This is your country, this is your world, this is your body, and you must find some way to live within the all of it.
-Ta-Nehisi Coates, Between the World and Me
And when you’ve taken down your guard
If I could change your mind, I’d really love to break your heart
I’d really love to break your heart
-Tears For Fears, Shout
It’s my birthday.
Two years ago today I was in Houston. Today Houston is under water.
Two years ago today I was heartbroken.
Two years ago today I was alone.
Two years ago yesterday I helped a drunk across a street.
Two years ago today was worse.
Two years ago today was better.
I spent the day at West Alabama Ice House and because I’d stopped traffic and helped a drunk old man across the street to a cab the drinks were free, they said. Maybe he was a regular. I checked their Facebook page today and there was a post that says “Tippy” died yesterday, two years to the day. Is Tippy is the same guy I helped? Maybe.
I feel like probably.
Yesterday, two years from Houston and Maybe-Tippy, I buy groceries for a family walking around downtown Sacramento in the 108 degree heat, their three kids limp in their strollers. Two in the double stroller the father is pushing, a tall black man his right eye pointing aimless to the sky while the other looks at me with desperation and shame. They are believers, the mother says. God said to ask for help and not to bring shame to his name, she says. They are from Louisiana or Alabama, all I hear is THE SOUTH, came all the way to California on a Greyhound for their autistic son, they say. No services for them in THE SOUTH.
No services for them in God’s country.
I did not tell them I am an unbeliever, that the Catholic Church and the secrets they continue to try to bury is proof enough that whatever flavor of god they believe in doesn’t exist. I don’t tell them my son is T1 diabetic and diagnosed with ADHD. I do not tell them I’m on medical welfare, that I don’t make enough money to live without roommates.
I fight away cynicism and judgement and suspicion. I have no room. There is too much already in me, the Internet, the fucking air, everyone’s lungs thick with it. Choking on it. I help them. We walk to Rite-Aid and I tell them to buy what they need. My son and I wait and I check my phone to make sure I have enough money in my bank account. I don’t care what they buy. They ask if it is too much and I say no.
I want to feel good. I want to help. Fuck the rest.
Two years ago the next day same as today my birthday, I meet Daniel Quinn, whose words had cursed my vision with disturbing validation. Trump hasn’t stolen my laugh yet. I’m not mulling the morality and efficacy of punching neo-Nazis yet. Some white dude on Facebook brandishing a handgun in a featured picture on his page isn’t wishing for civil war and for me to piss my pants. Houston isn’t under water. Everything isn’t coming home to roost. Not yet.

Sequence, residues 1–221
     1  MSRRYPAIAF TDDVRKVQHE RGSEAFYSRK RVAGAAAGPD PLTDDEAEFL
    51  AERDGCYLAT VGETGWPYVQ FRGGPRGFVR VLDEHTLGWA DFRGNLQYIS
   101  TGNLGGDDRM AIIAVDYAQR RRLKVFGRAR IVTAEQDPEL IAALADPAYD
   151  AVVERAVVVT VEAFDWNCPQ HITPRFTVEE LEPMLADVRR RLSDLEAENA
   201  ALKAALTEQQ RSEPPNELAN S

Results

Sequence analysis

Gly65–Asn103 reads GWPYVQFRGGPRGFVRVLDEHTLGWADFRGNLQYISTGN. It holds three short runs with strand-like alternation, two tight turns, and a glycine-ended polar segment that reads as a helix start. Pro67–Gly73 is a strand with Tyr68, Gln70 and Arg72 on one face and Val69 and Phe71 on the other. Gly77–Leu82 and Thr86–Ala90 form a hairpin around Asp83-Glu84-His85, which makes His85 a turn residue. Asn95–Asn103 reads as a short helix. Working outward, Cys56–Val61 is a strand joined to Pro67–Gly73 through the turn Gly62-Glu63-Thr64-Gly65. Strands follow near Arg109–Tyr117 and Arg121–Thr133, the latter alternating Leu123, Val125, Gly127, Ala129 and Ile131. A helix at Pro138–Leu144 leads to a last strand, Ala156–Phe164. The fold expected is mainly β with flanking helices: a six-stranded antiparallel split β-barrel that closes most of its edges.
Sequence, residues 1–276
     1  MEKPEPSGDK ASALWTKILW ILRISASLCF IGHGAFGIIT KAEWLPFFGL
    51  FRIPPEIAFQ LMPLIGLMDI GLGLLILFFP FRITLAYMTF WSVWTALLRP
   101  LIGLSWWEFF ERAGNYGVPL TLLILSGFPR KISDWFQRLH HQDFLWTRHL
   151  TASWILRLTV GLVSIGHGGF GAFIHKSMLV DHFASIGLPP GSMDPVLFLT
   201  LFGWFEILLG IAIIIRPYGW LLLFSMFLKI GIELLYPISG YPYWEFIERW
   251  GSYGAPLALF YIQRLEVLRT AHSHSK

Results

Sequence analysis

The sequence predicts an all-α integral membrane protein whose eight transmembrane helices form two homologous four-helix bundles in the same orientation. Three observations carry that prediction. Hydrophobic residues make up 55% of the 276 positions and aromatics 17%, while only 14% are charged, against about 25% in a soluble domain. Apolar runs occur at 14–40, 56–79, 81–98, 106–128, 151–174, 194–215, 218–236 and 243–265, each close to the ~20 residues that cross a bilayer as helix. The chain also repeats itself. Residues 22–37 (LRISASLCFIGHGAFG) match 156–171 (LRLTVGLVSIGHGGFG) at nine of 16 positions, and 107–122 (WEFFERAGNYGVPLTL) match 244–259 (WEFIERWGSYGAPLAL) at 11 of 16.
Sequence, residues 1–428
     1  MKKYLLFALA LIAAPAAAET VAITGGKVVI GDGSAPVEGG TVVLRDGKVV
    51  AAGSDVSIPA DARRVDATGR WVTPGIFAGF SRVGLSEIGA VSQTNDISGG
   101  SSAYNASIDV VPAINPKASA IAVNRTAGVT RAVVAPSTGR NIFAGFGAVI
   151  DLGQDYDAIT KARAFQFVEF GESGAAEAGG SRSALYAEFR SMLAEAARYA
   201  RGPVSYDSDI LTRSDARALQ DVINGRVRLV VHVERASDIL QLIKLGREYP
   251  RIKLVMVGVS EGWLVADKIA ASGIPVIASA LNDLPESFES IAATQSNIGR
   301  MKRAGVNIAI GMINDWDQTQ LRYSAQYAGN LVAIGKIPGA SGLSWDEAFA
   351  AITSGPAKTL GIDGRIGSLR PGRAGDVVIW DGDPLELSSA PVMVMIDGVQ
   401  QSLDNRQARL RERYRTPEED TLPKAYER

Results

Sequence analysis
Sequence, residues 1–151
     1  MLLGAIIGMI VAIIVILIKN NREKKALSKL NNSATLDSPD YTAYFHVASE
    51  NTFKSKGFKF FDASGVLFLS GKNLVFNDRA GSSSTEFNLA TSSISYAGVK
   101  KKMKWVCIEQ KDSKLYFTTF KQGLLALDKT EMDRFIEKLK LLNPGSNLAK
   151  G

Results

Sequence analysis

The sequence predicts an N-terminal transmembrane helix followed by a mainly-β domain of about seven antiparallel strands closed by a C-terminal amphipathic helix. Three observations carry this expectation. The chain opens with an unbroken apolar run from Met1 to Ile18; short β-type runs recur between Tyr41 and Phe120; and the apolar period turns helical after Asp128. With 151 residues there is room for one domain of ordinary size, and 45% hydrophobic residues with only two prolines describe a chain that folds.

The woman from Mississippi I’ve fallen in love with hasn’t sent a cryptic text and tried to commit suicide yet. She hasn’t been released from a psych hold yet. She hasn’t lost custody of her child yet. I haven’t stopped contact. Not yet. She’d just stabbed me from the heart of her own storm and I’m reeling, still trying to reach her, trying to save her from her rising waters. I haven’t erased every text and email and photo I have from her yet.
It was good I live in California and she in Mississippi. I get lost in other’s storms. Gravity steers me to stare down the eye of other’s rather than my own.
By chance, someone else is in Houston two years ago. I’d flown to meet her earlier that year in another city before I find the storm in Ole’ Miss. Another storm, a blizzard that sets records.
I write her a poem before I leave, using Margaret Wise Brown’s Goodnight Moon as the scaffold:
In the 13th floor room
There was a lonely man
And a pillow spooned
And a picture of-
The window framed with snow at noon
And there were talking subways down the stairs
And tall building crannies
And Han Solo cabbies
And scary spinning doors
And ice-white floors
And naked cheeks all flush and gutters filled with slush
And a red-headed lady and my long distance crush
Goodbye pillow spooned
Goodbye window framed with snow at noon
And blanket maroon
And goodbye smile’s lasso
And goodbye to hay
Goodbye for today
And goodbye, Lady
And goodbye luck
Goodbye not knowing
And goodbye red-headed lady whispering “fuck”
Good bye Elina, life’s not fair
She said she couldn’t meet. Two years later, she’s sober and shacked up with Superman. It’s a curious thing to hold envy and goodwill in the same hand.
Harder to acknowledge what I’m running from. Even with both hands.
Someone new says to take the boy. Of course she’s right. Sometimes it’s best not to listen to yourself. Resistance is the call, a summons to change the flow. Maybe it’s a postcard I’m sending to the future, something for him to recall in darker times. A memory, a light. Something to balance the in-between wrongs. That’s why I drag my son through the Nevada desert. That’s why I take him to see the eclipse.
I hope she stays. She’s wind in my sails.
It’s a curious thing to watch the world slide. To acknowledge rising tides. To not relate to sides. To dispense with ego and pride.
There is a a sense that we are all each other’s consequences.
-Wallace Stegner, All the Little Live Things